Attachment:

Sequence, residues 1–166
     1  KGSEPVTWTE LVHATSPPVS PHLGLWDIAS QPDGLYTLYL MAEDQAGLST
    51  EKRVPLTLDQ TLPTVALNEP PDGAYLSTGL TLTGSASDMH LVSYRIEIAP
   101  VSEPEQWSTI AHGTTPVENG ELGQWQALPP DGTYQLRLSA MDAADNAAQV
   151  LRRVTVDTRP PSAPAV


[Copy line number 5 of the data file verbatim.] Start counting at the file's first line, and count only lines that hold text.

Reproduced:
   151  LRRVTVDTRP PSAPAV